Prostate cancer: a nurse’s quest to discover black men’s unmet care needs

Mary Seacole Awards winner will research the care experience of black men

Mary Seacole Awards winner will research the care experience of black men who have prostate cancer

A nurse researching black men’s experience of prostate cancer care is among this year’s Mary Seacole Awards winners.

Obrey Alexis, a senior lecturer at Oxford Brookes University’s department of nursing, will use the £12,500 funding towards his research project.

Access to healthcare

Oxford Brookes senior lecturer
Obrey Alexis

Black men are twice as likely to develop prostate cancer as their white counterparts in the UK and Dr Alexis will carry out in-depth interviews to determine their unmet needs.

He will also focus on their experience of accessing healthcare, with findings designed to show how the group can be better cared for.

The Mary Seacole Awards were created in honour of the Jamaican-Scottish nurse, celebrated for her bravery in nursing soldiers in the Crimean War. Funding of up to £12,500 is awarded to projects benefitting the health of people from black and minority ethnic (BME) communities.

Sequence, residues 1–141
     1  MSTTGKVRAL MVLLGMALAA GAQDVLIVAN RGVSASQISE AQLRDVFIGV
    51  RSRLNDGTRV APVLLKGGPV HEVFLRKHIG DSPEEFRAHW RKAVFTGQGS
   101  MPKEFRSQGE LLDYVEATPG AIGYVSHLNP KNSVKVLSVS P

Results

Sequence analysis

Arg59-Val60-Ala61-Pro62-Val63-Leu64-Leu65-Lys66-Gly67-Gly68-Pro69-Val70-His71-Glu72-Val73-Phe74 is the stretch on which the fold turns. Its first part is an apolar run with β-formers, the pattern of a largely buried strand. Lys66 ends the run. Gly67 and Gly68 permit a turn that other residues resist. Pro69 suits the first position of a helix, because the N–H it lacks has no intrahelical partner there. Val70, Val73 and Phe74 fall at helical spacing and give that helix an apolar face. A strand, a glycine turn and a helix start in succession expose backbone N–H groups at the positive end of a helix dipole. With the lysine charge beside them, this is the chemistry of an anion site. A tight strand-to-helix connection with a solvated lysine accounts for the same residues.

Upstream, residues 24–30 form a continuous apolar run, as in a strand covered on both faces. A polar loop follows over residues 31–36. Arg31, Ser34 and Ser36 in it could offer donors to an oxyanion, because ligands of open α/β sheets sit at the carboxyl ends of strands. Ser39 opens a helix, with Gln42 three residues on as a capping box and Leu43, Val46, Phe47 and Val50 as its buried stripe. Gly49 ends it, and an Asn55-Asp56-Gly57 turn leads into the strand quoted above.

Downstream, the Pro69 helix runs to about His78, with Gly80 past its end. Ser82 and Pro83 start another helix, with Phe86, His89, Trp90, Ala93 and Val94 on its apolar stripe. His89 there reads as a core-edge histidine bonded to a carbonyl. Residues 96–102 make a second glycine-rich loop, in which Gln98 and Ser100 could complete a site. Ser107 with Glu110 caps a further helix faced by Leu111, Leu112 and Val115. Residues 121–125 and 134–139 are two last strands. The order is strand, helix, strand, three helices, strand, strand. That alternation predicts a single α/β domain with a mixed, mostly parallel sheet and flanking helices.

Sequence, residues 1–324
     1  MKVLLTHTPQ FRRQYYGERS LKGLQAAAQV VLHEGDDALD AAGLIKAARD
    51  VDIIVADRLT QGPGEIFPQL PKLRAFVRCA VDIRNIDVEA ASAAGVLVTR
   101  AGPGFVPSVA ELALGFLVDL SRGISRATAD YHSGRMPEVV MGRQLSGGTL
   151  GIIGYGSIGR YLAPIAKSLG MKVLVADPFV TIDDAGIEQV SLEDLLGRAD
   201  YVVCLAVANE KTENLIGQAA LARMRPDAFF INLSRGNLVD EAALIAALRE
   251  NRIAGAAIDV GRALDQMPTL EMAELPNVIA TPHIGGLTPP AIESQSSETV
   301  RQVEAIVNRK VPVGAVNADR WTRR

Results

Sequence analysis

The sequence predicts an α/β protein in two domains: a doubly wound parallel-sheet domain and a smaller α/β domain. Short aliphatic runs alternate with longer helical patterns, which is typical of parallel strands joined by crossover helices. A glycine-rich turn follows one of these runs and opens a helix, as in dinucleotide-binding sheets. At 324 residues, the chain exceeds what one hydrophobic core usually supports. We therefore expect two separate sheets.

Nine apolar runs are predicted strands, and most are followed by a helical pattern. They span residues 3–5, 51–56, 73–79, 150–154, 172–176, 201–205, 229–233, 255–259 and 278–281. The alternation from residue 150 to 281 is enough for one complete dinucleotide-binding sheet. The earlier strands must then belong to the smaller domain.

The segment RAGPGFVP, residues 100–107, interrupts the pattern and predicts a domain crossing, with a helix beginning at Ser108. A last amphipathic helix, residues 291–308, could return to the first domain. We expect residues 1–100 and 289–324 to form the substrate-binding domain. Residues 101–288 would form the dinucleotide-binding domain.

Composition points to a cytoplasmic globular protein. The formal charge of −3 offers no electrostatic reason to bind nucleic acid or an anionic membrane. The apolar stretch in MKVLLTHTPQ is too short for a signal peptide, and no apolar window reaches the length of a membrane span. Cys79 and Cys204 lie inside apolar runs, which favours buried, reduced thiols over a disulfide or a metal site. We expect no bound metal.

Midwifery project

Fellow winner, midwife Sarah Chitongo, will use £6,500 funding awarded to her this week to attempt to reduce complications and deaths among high-risk BME mothers and babies.

The Middlesex University midwifery educator will interview around 20 midwives from five London hospitals about their experiences in caring for BME groups in delivery suites' high dependency units. 

Ms Chitongo, who said the area was under-researched, added: ‘This is a huge honour and a pivotal moment in my career. Mary Seacole cast the seeds of diversity in healthcare and it’s a great honour to contribute to this legacy.’

Sarah Chitongo of Middlesex University

Three people who received funding for their projects last year were presented with certificates and Mary Seacole scholar badges. They included Bertha Ochieng from De Montfort University, who researched safeguarding of vulnerable adults training, and Saeidah Saeidi from Leeds and York Partnership NHS Foundation Trust, whose project covered developing a culturally competent mental health workforce.

The awards are funded by Health Education England and are awarded in association with the RCN, Royal College of Midwives, Unison and Unite with support from NHS Employers.

Applications for the 2019/2020 awards will open in February 2019.

Further information

Find out more about the awards

In other news

This is a free article for registered users

This article is not available as part of an institutional subscription. Why is this? You can register for free access.